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Aspies Gone Wild

My own kids make me want to drink.
Throw yours into the mix,
I may need a drug dealer.When my long-time friend found herself in a pickle, her nanny was on vacation for a week and  she
needed child care for her 12 year old Aspy, I offered to help. "Send him here", I told her. "What's one more?" 
A lot actually.

I already knew many of his issues through the many conversations I had with his mom. And since I have an Aspy myself, I knew that anxiety, impulsiveness, and attention seeking behavior often piggyback with ASD.   Aspies are very bright, and very complex, and adding puberty into the mix, makes every day alcohol appreciation day.

When I talked to him on the phone before he came, I asked him what he liked to eat and if he didn't eat certain foods. He responded, "I pretty much eat everything." From the moment he entered the house, the list of food he wouldn't eat got longer and longer until the list just had bagels, cereal, yogurt, ice cream, and pizza. He was even picker than #1 who insists on eating pasta with sauce and cheese every day. Every food had something "wrong" with it.  My friend told me that he didn't like eating in front of people and that he often snuck food in the middle of the night. "it's like he can't control himself. He seems to have no memory of it when asked about it." We went through the cupboards and put away all food that we thought would trigger impulsive eating. We missed a few things.

We found random snack rappers under his bed and a few cups next to his bed. They had a black ring on the bottom and smelled like soy sauce. We then asked him what it was. "I don't know and I didn't put it there", he replied. Oooh the lying, can't stand the lying. I told him, "you do know what it is and you put it there yourself three times. Tell me what it is." After several attempts and promising him that he wouldn't be yelled at, he did nod his head when asked, "is it soy sauce." But to extract that answer was so draining and there was really no reason for it.

We decided that the best way to keep conflict to a minimum was to keep them occupied. Everyday had an activity and some days there were several different things planned. But there was still enough down time for antagonistic behavior to surface.

One of his talents was that he systematically tried to figure out what everyone's triggers were and push them.

He was really good with the twins, that is until he pushed them harder than he thought he did and they toppled over.  It's an easy thing to do if you're 12 years old,  5'10" and 180 lbs; you have a wee bit more power than you think you do. After a few days of him being kind and then taking their toys away, they didn't trust him as readily. They wanted to be around him, but inevitably they would wind up screaming about something either X did to them or something they did to him. Eventually, he got used to their fickleness and they all became good buddies. He got lots of good praise for that.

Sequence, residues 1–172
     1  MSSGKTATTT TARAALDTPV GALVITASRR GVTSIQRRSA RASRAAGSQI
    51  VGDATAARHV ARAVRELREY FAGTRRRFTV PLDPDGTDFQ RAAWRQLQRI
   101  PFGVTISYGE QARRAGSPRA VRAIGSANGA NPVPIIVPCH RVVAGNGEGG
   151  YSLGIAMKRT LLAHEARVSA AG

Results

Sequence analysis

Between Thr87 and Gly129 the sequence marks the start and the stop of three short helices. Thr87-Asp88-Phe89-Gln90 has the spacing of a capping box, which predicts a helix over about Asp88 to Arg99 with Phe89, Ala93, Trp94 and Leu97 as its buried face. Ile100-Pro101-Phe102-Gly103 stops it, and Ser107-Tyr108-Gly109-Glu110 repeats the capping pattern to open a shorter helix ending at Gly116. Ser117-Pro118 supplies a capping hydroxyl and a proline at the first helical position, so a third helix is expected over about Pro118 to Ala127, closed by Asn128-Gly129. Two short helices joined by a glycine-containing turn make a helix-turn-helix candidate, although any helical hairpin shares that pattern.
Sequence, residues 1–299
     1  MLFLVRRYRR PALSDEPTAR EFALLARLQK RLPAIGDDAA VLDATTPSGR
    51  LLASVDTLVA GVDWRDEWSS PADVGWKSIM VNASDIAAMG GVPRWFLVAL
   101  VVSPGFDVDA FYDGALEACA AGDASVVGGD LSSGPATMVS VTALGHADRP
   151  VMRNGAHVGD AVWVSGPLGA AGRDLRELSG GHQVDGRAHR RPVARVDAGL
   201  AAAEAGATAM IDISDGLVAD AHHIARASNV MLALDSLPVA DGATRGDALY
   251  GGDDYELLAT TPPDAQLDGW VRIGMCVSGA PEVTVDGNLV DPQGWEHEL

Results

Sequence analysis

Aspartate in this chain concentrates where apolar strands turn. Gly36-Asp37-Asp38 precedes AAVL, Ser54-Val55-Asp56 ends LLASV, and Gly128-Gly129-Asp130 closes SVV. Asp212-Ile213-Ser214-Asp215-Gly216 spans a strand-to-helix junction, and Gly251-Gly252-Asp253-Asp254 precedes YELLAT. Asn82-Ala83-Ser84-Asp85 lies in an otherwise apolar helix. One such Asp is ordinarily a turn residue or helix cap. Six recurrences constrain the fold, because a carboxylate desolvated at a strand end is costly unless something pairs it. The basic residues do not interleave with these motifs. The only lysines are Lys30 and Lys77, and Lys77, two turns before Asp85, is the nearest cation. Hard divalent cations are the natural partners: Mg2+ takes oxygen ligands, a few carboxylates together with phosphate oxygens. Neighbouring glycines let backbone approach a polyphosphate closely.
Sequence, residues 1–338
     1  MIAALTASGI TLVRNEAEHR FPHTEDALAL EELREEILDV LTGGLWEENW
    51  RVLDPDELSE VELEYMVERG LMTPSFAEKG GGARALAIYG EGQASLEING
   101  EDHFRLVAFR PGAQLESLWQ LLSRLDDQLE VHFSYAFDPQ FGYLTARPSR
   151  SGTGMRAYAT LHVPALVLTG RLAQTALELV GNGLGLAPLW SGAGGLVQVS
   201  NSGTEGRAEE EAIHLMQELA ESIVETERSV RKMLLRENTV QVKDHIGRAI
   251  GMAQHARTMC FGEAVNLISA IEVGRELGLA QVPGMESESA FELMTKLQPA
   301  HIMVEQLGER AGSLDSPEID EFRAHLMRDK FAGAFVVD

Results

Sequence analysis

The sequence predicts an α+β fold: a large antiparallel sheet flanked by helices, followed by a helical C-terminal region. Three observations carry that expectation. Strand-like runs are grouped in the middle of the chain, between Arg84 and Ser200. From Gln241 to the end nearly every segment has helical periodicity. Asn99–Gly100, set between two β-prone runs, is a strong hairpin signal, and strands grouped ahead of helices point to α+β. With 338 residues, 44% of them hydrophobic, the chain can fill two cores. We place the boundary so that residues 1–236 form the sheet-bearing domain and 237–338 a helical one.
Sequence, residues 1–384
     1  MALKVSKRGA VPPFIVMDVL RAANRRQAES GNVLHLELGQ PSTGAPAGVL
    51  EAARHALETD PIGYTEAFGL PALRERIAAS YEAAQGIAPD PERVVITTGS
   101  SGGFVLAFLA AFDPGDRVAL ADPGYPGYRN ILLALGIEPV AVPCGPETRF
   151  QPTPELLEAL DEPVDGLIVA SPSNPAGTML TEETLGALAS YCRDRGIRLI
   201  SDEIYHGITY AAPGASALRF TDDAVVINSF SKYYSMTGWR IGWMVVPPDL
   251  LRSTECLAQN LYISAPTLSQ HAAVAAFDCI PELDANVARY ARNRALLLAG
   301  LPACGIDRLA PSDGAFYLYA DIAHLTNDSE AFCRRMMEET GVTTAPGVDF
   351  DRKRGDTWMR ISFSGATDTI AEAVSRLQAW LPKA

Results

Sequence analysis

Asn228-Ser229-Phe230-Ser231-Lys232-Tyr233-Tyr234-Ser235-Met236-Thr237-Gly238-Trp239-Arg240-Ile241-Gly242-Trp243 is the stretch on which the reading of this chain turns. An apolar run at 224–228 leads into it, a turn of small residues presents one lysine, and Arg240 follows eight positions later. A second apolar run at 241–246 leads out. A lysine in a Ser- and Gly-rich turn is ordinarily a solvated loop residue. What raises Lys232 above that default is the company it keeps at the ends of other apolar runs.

#3 had a lot of fun with him. He'd play chase games or tickle games which  would get #3 really wound up. But then, all of a sudden, he didn't want to play anymore and didn't offer any type of transition out of it. So, #3 keep playing and then X would get upset that #3 was bothering him.

X and #2 would have the "Well Actually" wars. They would throw random facts at each other claiming to be the smarter one and when either one of them didn't know as much as the other on a particular topic, #2 would make stuff up and X would insist that he was wrong. From there it went down hill quickly. #2 would get frustrated with X and then X would put his hands on him. Game over. By mid-week we had to keep them separated because X knew how to push #2's buttons so well that he'd melt every time, and X would throw his hands in the air and say, "I didn't do anything." That combination alone was vodka worthy.

The one thing they did have in common was how they treated #1. Since they both had trouble interacting with him the way they wanted to, they both usually wound up putting their hands on him in some sensory fashion; squeezing, pushing or holding. And when they'd get frustrated with him, they'd boss him around to the point that #1 would get upset and go to his room.

We did spend most of the week modeling language for everyone. We had to prep X to deal with so many kids. "I need a break, I'll play later." And, "I don't like that. Stop please." In some ways, it felt weird modeling language for X , but I had to remember that although he was very articulate, and very smart, a core ASD deficit is not being able to express feelings effectively.  Four-year-olds aren't very good at that either. By the end of the week, everyone was expressing themselves much better. And the Bailey's bottle was only half-empty.

It did seem like his best moments were when he played nicely with #3 and the girls and when he was the only kid around and he had all the adult attention to himself. And when he was one on one with an adult, he demanded constant interaction. Whether it was fact sharing, silliness, or just making sounds.

In the end, the kids were sad when X was leaving, and #1 asked him when he was coming back.  We were able to help my dear friend in a moment of crisis and give X a different perspective and appreciation for his one sibling. Maybe being in our house for a week made him appreciate having just one sister to avoid.As they say at Dunkin Donuts, "Thank you, come again."

Hanging on the porch swing


Peach Picking








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